By Kokila Annamalai

So this issue of how we talk about/report on issues along lines of race/ethnicity/culture has been on my mind since the original article on food habits and risk of diabetes in Indian and Malay communities was published. But I am not satisfied with the assertion in this response that we shouldn’t highlight issues with a race perspective. I think, rather, the conclusion should be that good journalism needs to be rigorous, scientific and guard against unconscious biases and simplistic assumptions about race/ethnicity/culture. The letter seems to suggest that this is in large part an issue of diplomacy (maybe I’m interpreting something that’s not there, but this is how it came across to me) and not hurting the sentiments of Indian and Malay people. But the issue isn’t about choosing a different lens (than race) to look at the issue. If the data shows that Indians and Malays suffer higher instances of diabetes, that is relevant and useful knowledge if the inquiry into *why* is done and reported on properly. No one took offense at the suggestion that our communities are at higher risk of diabetes – it was the ludicrous reasons given for this that were offensive.

An article on, say, how Indian populations are at higher risk of diabetes because of how our bodies adapted to generations of under-nutrition would, to me, be welcome. That *is* highlighting an issue with a race perspective, but it is not racist or ignorant. To the contrary, it’s quite fascinating to understand how embodied our histories are!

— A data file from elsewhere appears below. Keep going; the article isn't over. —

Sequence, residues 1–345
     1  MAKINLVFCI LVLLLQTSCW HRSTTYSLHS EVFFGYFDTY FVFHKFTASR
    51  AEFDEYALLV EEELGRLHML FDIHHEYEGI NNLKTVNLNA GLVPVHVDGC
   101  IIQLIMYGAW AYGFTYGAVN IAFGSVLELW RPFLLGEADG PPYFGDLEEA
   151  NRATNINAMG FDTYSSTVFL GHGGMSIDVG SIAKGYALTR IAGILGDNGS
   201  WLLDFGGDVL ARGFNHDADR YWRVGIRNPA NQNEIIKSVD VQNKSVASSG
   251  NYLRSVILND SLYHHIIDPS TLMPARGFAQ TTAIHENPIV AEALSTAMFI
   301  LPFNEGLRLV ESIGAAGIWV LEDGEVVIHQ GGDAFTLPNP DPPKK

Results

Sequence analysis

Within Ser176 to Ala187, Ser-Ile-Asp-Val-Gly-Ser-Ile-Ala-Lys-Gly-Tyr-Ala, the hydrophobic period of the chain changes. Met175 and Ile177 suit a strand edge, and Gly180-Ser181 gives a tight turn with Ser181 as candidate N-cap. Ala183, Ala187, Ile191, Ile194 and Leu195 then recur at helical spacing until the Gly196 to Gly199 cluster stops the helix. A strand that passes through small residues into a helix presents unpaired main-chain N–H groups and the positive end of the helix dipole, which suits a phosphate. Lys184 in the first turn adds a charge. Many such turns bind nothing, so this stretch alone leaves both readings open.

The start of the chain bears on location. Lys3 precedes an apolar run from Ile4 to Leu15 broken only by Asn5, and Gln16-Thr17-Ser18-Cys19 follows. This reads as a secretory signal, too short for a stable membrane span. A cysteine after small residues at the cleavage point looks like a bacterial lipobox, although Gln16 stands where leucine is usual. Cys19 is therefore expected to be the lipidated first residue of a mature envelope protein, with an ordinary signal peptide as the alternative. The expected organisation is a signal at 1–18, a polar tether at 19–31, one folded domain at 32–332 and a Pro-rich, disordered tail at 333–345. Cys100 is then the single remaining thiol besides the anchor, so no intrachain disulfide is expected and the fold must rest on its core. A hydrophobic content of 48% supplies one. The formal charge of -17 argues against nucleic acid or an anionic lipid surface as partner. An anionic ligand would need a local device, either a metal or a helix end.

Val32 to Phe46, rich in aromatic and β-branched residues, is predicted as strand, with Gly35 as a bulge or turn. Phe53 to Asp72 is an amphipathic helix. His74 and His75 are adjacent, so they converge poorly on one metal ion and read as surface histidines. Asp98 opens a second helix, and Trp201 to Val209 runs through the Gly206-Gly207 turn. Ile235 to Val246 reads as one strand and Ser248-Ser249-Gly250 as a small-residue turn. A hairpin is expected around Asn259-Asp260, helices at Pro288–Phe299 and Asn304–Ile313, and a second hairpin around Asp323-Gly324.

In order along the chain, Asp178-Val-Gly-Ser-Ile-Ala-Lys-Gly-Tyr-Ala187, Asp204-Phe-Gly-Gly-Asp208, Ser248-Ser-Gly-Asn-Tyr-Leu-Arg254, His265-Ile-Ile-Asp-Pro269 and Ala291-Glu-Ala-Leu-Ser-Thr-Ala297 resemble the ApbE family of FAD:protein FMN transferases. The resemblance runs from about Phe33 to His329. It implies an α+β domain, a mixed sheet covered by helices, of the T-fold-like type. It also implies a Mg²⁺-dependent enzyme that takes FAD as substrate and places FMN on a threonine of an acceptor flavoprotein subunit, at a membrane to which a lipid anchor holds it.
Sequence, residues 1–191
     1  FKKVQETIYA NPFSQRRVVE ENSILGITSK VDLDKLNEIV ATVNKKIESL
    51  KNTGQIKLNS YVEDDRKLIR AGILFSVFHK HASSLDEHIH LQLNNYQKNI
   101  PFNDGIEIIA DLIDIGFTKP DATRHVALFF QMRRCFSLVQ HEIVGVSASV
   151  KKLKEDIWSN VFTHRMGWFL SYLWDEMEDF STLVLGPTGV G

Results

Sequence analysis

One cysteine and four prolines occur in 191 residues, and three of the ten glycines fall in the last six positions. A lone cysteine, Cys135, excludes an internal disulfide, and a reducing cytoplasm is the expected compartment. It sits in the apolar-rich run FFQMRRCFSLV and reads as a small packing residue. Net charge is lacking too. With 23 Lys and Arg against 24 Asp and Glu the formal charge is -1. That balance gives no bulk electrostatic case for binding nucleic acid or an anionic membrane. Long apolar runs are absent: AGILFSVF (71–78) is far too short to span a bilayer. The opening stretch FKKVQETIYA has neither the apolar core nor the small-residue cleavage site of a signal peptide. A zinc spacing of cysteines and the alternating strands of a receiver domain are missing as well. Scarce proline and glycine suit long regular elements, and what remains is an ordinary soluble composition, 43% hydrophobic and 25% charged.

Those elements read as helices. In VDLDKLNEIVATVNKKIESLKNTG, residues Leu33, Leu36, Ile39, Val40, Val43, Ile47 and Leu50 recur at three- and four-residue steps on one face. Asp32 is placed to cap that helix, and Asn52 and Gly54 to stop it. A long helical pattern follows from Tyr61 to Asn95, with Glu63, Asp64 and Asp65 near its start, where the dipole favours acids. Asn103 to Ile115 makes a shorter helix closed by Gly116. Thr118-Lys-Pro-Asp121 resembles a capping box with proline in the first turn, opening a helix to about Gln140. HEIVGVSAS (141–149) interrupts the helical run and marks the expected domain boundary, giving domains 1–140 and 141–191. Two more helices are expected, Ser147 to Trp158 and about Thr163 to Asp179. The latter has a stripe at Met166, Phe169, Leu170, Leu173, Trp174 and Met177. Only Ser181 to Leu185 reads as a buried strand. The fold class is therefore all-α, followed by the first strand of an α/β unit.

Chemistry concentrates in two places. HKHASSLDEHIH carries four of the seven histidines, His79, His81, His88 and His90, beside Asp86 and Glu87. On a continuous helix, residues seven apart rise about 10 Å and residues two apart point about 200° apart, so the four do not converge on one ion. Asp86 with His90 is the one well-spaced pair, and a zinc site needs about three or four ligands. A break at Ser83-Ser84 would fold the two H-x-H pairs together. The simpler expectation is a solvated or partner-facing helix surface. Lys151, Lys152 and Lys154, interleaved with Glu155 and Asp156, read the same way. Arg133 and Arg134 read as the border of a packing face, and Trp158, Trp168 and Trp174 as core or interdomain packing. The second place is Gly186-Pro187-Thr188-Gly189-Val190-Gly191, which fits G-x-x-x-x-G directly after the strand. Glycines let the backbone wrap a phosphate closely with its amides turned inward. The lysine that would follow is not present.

There are major issues with how the lens of race is adopted in journalism in Singapore. For starters, as many have raised before, there is the problem of seeing issues as national concerns when they affect the Chinese majority, and stigmatised as cultural deficit when they affect minority groups.

Framing issues that affect minority groups as cultural deficit comes from at least two kinds of racism. (1) An unwillingness to recognise how systemic disadvantages, discrimination, etc lead to greater vulnerability and poorer outcomes across multiple indices and (2) writing from a eurocentric/sinocentric perspective whereby the cultures, lived experiences, family and kinship structures, values, history, heritage and traditions of minority groups are seen as alien, backward and dangerous/detrimental. From whose standpoint do we decide what is good/bad, harmful/helpful, weakness/strength? This kind of racism leads to the framing of non-issues – or what the community might indeed consider a strength – as a deficit/issue. For example, in this context, ghee and coconut milk are considered by our communities, and by science, to contain many health benefits, but this is completely rejected by the original article.

Other ways in which the original article was rubbish (on top of points that have already been raised by many others) are assumptions about where Chinese, Malay and Indian people eat (apparently only at Chinese stalls if they’re Chinese, Malay stalls if they’re Malay and Indian stalls, if they’re Indian), and that hawker food represents what we cook at home (when was the last time any Indian person made roti prata at home, I want to know??!!), and just how terribly infantilising and sanctimonious it was towards our communities and extremely complex, rich food traditions.

This was first published as a Facebook post and has been republished here with permission.

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